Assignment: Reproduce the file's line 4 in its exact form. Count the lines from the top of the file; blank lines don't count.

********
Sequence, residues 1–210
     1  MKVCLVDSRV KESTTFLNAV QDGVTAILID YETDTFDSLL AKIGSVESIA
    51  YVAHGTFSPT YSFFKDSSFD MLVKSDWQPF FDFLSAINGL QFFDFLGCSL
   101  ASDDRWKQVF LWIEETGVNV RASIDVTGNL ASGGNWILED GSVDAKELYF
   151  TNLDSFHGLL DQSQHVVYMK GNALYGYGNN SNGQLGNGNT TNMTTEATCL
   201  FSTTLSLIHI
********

   101  ASDDRWKQVF LWIEETGVNV RASIDVTGNL ASGGNWILED GSVDAKELYF